A glimpse into construction during the second world war
New developments in building materials: plastics
During the war we have learned a great deal about the use of glues in wood construction, and the development of plastics has given us a wide variety of glues to meet different conditions.
Through necessity we have learned to make many things out of plastic, so a wider variety of plastic compounds is now available than in pre-war days. Some of the things that were made during the war have not given good service but the knowledge we gained has indicated fault and remedies.
Thereby, our knowledge of the use of combinations of materials has been greatly increased, and information which will lead to improvement in many sectors, especially construction where better homes constructed for less, can be made available.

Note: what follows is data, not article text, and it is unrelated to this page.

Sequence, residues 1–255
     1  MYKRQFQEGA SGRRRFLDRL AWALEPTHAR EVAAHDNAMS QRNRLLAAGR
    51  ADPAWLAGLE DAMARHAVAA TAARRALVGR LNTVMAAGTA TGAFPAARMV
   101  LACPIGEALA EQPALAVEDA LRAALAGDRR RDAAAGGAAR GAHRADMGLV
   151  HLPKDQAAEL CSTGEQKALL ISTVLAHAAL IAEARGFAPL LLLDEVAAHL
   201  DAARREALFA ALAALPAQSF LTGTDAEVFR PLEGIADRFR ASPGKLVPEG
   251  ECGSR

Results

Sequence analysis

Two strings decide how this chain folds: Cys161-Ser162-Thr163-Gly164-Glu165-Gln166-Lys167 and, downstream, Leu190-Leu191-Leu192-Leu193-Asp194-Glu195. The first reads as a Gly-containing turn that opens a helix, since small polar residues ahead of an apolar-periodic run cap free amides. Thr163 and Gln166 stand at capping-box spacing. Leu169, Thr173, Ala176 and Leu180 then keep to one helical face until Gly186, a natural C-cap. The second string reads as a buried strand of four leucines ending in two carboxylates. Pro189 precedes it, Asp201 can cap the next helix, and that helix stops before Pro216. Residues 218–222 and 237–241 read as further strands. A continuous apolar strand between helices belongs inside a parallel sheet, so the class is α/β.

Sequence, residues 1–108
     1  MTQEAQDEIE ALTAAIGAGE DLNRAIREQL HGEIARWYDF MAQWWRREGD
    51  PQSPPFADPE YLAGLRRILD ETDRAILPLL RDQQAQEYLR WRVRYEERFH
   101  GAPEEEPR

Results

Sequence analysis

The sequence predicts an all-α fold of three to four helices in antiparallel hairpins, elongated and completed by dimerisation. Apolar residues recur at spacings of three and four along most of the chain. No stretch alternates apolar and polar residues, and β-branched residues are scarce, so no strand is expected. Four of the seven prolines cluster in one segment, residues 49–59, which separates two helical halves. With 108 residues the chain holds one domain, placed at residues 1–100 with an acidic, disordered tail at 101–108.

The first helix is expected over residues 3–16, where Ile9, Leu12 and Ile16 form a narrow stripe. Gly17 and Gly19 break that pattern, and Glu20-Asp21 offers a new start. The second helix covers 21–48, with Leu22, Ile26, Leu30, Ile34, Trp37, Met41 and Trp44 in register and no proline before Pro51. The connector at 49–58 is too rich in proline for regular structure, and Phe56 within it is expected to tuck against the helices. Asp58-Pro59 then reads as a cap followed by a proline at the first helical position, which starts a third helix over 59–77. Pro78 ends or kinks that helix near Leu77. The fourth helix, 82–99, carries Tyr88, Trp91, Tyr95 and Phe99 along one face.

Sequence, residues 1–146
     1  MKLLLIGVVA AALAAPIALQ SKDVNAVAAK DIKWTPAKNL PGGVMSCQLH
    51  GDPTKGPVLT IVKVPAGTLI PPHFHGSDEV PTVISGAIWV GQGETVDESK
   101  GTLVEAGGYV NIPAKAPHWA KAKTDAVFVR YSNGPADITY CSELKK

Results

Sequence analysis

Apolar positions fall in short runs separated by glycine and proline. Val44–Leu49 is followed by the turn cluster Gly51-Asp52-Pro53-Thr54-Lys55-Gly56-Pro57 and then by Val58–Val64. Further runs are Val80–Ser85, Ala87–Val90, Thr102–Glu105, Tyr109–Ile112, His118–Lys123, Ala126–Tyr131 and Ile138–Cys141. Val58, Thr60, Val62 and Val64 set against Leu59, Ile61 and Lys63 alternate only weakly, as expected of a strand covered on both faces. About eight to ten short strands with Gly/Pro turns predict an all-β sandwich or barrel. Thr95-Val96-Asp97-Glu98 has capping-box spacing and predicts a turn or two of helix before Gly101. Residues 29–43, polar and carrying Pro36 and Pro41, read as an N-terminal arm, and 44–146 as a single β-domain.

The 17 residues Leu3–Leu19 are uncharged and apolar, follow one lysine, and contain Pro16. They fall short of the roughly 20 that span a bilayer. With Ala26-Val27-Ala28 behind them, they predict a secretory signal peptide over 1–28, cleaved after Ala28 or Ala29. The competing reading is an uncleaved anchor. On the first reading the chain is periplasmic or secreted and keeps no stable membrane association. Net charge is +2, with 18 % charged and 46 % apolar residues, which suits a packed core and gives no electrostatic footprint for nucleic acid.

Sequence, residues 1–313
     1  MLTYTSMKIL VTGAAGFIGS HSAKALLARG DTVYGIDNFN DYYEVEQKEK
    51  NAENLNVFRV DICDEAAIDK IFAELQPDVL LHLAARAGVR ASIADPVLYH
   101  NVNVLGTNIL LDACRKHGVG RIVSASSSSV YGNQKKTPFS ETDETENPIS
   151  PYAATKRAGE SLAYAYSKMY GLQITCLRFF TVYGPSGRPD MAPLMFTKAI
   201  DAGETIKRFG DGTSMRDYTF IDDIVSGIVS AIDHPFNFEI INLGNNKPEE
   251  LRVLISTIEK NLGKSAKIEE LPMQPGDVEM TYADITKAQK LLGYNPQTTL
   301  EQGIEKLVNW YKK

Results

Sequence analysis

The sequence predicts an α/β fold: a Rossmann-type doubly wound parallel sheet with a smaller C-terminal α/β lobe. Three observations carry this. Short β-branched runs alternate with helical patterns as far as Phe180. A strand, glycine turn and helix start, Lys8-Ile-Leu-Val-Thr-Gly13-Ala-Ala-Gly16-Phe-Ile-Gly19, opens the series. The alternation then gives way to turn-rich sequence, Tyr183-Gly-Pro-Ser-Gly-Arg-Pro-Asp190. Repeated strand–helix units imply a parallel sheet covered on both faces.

War damage progress report
Sir Malcolm Trustram Eve of the London Repairs Executive issued on 15 February figures on the repair of war damaged houses up to 8 February. Of the target of repairing 719,300 damaged houses, set on 22 September, 503,029 (70%) have been made “tolerably comfortable”. Between 12 January and 8 February 134,399 were repaired.
Labour engaged at 9 February was 132,000 men, equivalent to an average of one house per month per man. Of the labour force, 45,900 had come into London from the provinces, and Sir Malcolm, when answering questions, indicated that the extension of the area of the £10 building limit was expected still further to augment the available force. Included in the 132,000 are 4,900 men from the services and 1,960 American soldiers, of whom all but 225 are engaged on building emergency huts.